Daily Management Review

US Bitcoin ETFs Experience Trading Volume Of $4.6 Billion On Opening Day


US Bitcoin ETFs Experience Trading Volume Of $4.6 Billion On Opening Day
According to LSEG data, $4.6 billion in shares of U.S.-listed bitcoin exchange-traded funds (ETFs) traded hands as of Thursday afternoon, as investors pounced into the groundbreaking products approved by the US Securities and Exchange Commission on Wednesday.
The products represent a watershed moment in the bitcoin sector, putting to the test whether digital assets, which are still seen as dangerous by many professionals, can acquire wider recognition as an investment.
Eleven spot bitcoin ETFs, including BlackRock's iShares Bitcoin Trust, Grayscale Bitcoin Trust, and ARK 21Shares Bitcoin ETF, among others, began trading Thursday morning, igniting a furious battle for market control.
Grayscale, BlackRock, and Fidelity led trade volumes, according to LSEG data.
"Trading volumes have been relatively strong for new ETF products," said Todd Rosenbluth, strategist at VettaFi. "But this is a longer race than just a single day's trading.
The U.S. Securities and Exchange Commission approved the products late on Wednesday, after a decade-long battle with the cryptocurrency industry.
Some executives referred to bitcoin as a high-risk investment, and Vanguard, the largest mutual fund provider, stated that it has no intentions to make the new batch of spot bitcoin ETFs available on its platform to its brokerage clients.
The SEC previously rejected all spot bitcoin ETFs citing investor protection concerns. SEC Chair Gary Gensler said in a statement on Wednesday that the licences were not an endorsement of bitcoin, describing it as a "speculative, volatile asset."
The ETF launches boosted the price of bitcoin to its highest level since December 2021.
The price of ether, the second-largest cryptocurrency, was up 2.79% at $2597.95, while it was recently up 0.77% at $46,303.
The regulatory approval spurred fierce competition among the issuers for market share; even prior to Thursday's launch, some of them drastically reduced the rates for their products.
The new bitcoin ETFs have costs ranging from 0.2% to 1.5%, and many companies are even willing to eliminate fees completely for a specific amount of time or for a specific dollar volume of assets. Valkyrie lowered its costs to 0.25% once the ETF began trading, and it waived them for the first three months.
Grayscale received approval on Thursday to transform its current bitcoin trust into an exchange-traded fund (ETF), resulting in the creation of the largest bitcoin ETF globally, managing over $28 billion in assets.
There are differing opinions about how much spot bitcoin ETFs could earn. While Standard Chartered analysts this week predicted that the ETFs may collect $50 billion to $100 billion this year alone, Bernstein analysts predicted that flows will gradually increase to reach $10 billion in 2024. According to some analysts, inflows over a five-year period might total $55 billion.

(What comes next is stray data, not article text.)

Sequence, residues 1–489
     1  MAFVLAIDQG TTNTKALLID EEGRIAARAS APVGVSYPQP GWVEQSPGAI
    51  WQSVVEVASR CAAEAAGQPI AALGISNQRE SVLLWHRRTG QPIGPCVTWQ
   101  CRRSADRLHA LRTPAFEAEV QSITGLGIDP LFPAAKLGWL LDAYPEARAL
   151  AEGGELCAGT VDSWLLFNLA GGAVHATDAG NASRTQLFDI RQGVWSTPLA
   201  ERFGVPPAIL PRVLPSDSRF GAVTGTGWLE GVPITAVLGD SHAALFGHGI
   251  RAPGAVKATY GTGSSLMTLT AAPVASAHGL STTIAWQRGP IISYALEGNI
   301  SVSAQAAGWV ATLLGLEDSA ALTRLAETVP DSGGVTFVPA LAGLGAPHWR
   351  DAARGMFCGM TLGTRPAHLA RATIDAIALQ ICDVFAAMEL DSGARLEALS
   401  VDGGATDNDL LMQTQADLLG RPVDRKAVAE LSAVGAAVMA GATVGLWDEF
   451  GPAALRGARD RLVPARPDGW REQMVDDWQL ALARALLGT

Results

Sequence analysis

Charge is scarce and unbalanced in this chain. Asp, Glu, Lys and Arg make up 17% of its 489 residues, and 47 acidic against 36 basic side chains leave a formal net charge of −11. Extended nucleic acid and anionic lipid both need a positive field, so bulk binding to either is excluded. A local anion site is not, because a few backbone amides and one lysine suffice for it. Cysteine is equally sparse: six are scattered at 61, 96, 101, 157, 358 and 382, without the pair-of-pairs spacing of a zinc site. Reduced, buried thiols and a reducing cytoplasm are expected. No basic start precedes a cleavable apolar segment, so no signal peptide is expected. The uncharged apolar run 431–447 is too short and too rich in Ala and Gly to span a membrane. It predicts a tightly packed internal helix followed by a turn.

Market players were intently monitoring bid-ask spreads, or the difference between an ETF's purchase price and sale price, as the ETFs started trading on Thursday.
Broader spread ETFs are often thought to be better.
"To driving the spreads to a good spot," according to Jason Stoneberg, head of product strategy at Invesco, whose ETF with Galaxy Digital debuted on Thursday, "are critically important" factors to consider along with trading volume, internal plumbing, and participant count.
A few analysts issued a warning, stating that it might be too soon to celebrate the decision. The general investing public continues to see cryptocurrencies as dangerous, and incidents like the collapse of the cryptocurrency exchange FTX in 2022 have only made investors more cautious.
According to a Vanguard representative, the company has no plans to introduce its own cryptocurrency investment products and will continue to concentrate on traditional asset classes like cash, bonds, and equities because it sees these as "the building blocks of a well-balanced, long-term investment portfolio."
The chief investment officer of Wealth Management at Goldman Sachs and head of the Investment Strategy Group, Sharmin Mossavar-Rahmani, stated at a webcast on Thursday that cryptocurrencies had no place in an investment portfolio.
"When you think about it, where is there any value to something like bitcoin?," she said. "We don’t think it is an asset class to invest in."
Yet, some believe the products may open the door for even more cutting-edge cryptocurrency exchange-traded funds, such as spot ether offerings.
In an interview on Thursday, Grayscale CEO Michael Sonnenshein stated that the company intends to apply for a covered call exchange-traded fund (ETF) in an attempt to enable investors to profit from options on its spot bitcoin product.
Initial gains in stocks tied to cryptocurrencies on Thursday were followed by a decrease by the end of the day, with bitcoin miners Riot Platforms and Marathon Digital falling 15.8% and 12.6%, respectively.
Microstrategy, a bitcoin investor, sank 5.2%, while Coinbase, a crypto exchange, fell 6.7%. The bitcoin futures-tracking ProShares Bitcoin Strategy ETF had a gain of 0.44%.
The business that created the stablecoin USDC, Circle Internet Financial, also said on Thursday that it has quietly submitted an application for a U.S. initial public offering. The management and issue of USDC, a cryptocurrency linked to the US dollar, are under the hands of Circle.